Most everyone knows the Biblical tradition portraying Moses as the great “lawgiver” of the Israelite people. In Exodus and Deuteronomy he is described as receiving the Torah directly from God. He tells the Israelite people: “When I went up to the mountain to receive the tables of stone . . . And the Lord gave me two tables of stone written with the finger of God” (Deuteronomy 9:9-10; and for the second giving of the tablets to Moses see Deuteronomy 10:1-5; remember, Moses broke the first set). Imagine my surprise a few weeks ago to learn that the apostle Paul did not agree that God had given the law directly to Moses. According to Paul (Galatians 3:19) and other New Testament writers (Acts 7:38, 53; Hebrews 2:2) the law was “ordered through angels”! This tradition was also shared by Josephus, a first century Jewish writer in a statement attributed to Herod (Antiquities of the Jews 15.5.3): “We have learned the noblest of our doctrines and the holiest of our laws from the messengers [angels] sent by God.”
This tradition of an indirect passing of the Law to Moses is unknown in the Hebrew Bible, although angels are part of the coterie of God in the Septuagint version of Deuteronomy 33:2, where God comes with his “holy ones” and “on his right hand were his angels with him.” In one of the Apostolic Fathers, Shepherd of Hermas (Similitude 8.3.3), the Archangel Michael was said to have “put the law into the hearts of those who believe.” Angels were long thought to act as mediators between God and human beings (see, for example, Testaments of the Twelve Patriarchs: TLevi 5:5-6; TDan 6:1-2; Philo, On Dreams, 1. 141-142; Jubilees, 1.27-2.1; 32:21-22). Cerinthus, an early Christian heretic according to Epiphanius (Panarion 28.1,2),claimed “that the Law and prophets have been given by angels though the law-giver is one of the angels who made the world,”and these angels did an evil act by creating the world. Barnabas (9:4), another of the Apostolic Fathers, reports that an evil angel misled the Israelite people into thinking that circumcision was an actual fleshly act.
Obviously we have here an interesting contradiction between the Old Testament and the New Testament: did Moses actually receive the Law directly from God or was it “ordered through angels”? Both assertions cannot be correct at the same time! The situation is much more complicated, however. These claims about the Law are traditions validating the authority of the Torah. A tradition is a “handing down” orally of a belief from generation to generation. Traditions are living “things,”and as such they change, evolve, and mutate. Because they exist in memory and surface in oral communication, no sequential history of the evolution of an ancient tradition survives. Each generation inevitably modifies what they receive, because it is not written in stone (if you will permit me to put it that way). If there ever had been a point of origin and an original form of the tradition, it would have long since vanished into the fog of the past. With time, written stories do emerge explaining the origin of this or that particular belief. These various written forms of the tradition often represent diverse contradictory versions of the tradition. These versions represent what individuals or groups believed about them at a given moment in time. The oral tradition, however, goes on evolving into still later multiple forms, as interpreted by those who receive it and pass it on to other auditors.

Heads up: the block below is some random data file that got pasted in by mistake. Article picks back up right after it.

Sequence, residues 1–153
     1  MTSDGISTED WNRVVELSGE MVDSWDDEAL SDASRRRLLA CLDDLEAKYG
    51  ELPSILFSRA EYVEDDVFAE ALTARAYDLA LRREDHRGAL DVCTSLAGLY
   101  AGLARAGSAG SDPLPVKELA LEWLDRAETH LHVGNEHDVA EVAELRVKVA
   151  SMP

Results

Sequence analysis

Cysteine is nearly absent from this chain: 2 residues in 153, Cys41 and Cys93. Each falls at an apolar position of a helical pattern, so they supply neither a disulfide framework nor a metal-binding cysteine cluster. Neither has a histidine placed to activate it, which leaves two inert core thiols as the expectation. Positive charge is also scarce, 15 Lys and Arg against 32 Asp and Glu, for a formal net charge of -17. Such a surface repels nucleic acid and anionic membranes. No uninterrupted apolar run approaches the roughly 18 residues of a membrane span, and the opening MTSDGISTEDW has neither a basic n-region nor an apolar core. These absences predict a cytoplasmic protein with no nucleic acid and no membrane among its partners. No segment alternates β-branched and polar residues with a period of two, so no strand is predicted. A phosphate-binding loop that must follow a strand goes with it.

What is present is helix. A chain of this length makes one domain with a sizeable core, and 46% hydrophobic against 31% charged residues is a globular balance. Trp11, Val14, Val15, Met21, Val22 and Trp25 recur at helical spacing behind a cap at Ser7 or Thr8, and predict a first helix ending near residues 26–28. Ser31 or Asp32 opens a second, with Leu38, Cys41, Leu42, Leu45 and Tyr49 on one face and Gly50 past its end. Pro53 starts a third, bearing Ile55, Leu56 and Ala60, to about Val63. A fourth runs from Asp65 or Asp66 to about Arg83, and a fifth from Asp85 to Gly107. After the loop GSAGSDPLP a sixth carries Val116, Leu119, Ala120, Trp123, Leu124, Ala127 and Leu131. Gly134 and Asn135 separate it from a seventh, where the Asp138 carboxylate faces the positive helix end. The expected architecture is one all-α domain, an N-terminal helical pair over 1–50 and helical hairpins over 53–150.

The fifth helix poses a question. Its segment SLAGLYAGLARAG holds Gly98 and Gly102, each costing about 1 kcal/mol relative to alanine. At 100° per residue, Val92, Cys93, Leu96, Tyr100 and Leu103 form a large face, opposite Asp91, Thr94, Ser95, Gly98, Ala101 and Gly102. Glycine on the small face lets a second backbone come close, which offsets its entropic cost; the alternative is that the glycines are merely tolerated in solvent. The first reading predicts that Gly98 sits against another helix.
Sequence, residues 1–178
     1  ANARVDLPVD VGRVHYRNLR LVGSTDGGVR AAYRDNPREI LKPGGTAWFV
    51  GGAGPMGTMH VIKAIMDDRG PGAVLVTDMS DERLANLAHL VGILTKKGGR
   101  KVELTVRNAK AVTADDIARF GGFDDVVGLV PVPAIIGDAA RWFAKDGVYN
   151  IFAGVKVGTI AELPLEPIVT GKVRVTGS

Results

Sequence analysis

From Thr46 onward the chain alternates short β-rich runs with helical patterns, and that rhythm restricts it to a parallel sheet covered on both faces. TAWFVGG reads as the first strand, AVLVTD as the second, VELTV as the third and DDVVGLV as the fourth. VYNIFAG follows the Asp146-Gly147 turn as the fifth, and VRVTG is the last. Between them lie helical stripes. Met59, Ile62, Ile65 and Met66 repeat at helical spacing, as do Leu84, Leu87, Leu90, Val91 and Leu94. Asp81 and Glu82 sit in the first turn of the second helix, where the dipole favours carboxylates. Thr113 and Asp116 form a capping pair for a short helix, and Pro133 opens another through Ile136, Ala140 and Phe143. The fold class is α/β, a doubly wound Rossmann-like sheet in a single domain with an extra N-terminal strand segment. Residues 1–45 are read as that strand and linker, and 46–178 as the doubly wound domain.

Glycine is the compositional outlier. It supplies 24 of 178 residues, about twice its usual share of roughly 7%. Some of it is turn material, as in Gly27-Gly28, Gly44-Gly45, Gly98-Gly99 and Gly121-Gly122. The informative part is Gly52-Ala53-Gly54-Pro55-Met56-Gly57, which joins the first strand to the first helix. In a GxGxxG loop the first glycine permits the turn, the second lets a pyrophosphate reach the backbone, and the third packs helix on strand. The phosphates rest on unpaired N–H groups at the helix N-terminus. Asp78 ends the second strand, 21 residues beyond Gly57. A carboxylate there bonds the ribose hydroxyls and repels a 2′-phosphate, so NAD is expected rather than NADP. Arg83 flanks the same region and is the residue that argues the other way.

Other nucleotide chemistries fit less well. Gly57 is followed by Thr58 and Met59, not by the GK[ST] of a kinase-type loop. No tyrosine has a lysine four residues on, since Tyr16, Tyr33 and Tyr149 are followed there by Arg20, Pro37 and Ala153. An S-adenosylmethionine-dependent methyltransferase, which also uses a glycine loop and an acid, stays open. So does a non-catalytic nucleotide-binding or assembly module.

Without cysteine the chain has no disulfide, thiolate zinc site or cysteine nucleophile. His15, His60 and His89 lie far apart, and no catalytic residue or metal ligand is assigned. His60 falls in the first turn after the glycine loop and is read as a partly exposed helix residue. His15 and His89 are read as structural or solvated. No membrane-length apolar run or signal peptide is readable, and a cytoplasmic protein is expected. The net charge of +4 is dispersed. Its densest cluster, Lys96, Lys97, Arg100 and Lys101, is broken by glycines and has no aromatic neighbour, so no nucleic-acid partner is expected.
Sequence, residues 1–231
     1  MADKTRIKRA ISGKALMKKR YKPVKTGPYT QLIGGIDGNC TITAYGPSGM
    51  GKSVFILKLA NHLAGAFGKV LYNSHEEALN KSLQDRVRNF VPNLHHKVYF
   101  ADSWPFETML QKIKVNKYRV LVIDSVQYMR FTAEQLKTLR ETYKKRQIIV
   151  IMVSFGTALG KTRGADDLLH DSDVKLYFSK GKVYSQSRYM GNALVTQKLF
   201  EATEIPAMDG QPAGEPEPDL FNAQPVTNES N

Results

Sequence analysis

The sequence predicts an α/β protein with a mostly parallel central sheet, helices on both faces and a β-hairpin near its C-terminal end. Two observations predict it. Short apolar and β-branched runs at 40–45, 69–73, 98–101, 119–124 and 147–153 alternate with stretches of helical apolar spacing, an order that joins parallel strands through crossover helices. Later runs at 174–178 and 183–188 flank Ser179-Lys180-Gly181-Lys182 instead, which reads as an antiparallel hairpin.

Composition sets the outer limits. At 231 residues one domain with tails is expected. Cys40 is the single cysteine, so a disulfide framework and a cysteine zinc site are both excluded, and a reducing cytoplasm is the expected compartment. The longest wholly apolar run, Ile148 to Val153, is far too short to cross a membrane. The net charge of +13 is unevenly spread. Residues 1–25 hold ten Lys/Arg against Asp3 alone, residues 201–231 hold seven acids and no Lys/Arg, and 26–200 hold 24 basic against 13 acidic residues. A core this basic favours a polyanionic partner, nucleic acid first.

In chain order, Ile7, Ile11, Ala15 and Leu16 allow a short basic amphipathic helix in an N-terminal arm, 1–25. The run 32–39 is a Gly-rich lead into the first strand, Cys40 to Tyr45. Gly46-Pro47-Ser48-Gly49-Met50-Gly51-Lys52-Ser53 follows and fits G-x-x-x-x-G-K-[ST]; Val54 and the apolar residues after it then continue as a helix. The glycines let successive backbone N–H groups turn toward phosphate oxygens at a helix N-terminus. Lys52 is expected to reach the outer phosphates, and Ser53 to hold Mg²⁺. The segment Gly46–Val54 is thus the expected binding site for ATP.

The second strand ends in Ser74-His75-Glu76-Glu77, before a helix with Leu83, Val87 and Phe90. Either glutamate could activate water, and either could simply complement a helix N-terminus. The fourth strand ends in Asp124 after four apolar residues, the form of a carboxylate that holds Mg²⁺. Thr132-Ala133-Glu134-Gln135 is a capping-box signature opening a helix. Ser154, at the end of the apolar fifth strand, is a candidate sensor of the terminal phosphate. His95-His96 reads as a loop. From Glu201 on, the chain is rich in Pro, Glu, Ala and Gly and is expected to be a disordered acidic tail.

Neither of these two attempts to explain how the Torah came to Moses (i.e., directly from God or ordered through angels) is a historically verifiable datum about the origin of theTorah; they are rather ancient traditional beliefs, and as such do not provide a historical description of origins. Rather each is a then current religious belief representing what people thought at the time.
Many, if not most, statements about origins in the Bible work the same way—for example, early Christians validated the divinity of Jesus by narratives of a physical birth (Matthew 1:18-25; Luke 1:26-55; 2:1-20), the infusion or mutation of the preexistent heavenly Christ into flesh (John 1:1-14), and a baptismal Theophany (Mark 1:9-11) – an interesting contradiction between New Testament writers.
Which of these two contradictory traditions about the Torah, if either, makes more sense to you? Or to put it another way: with whom do you agree: “Moses” (directly from God), Paul (ordered through angels), or Hedrick (traditions, not history)?
Charles W. Hedrick
Missouri State University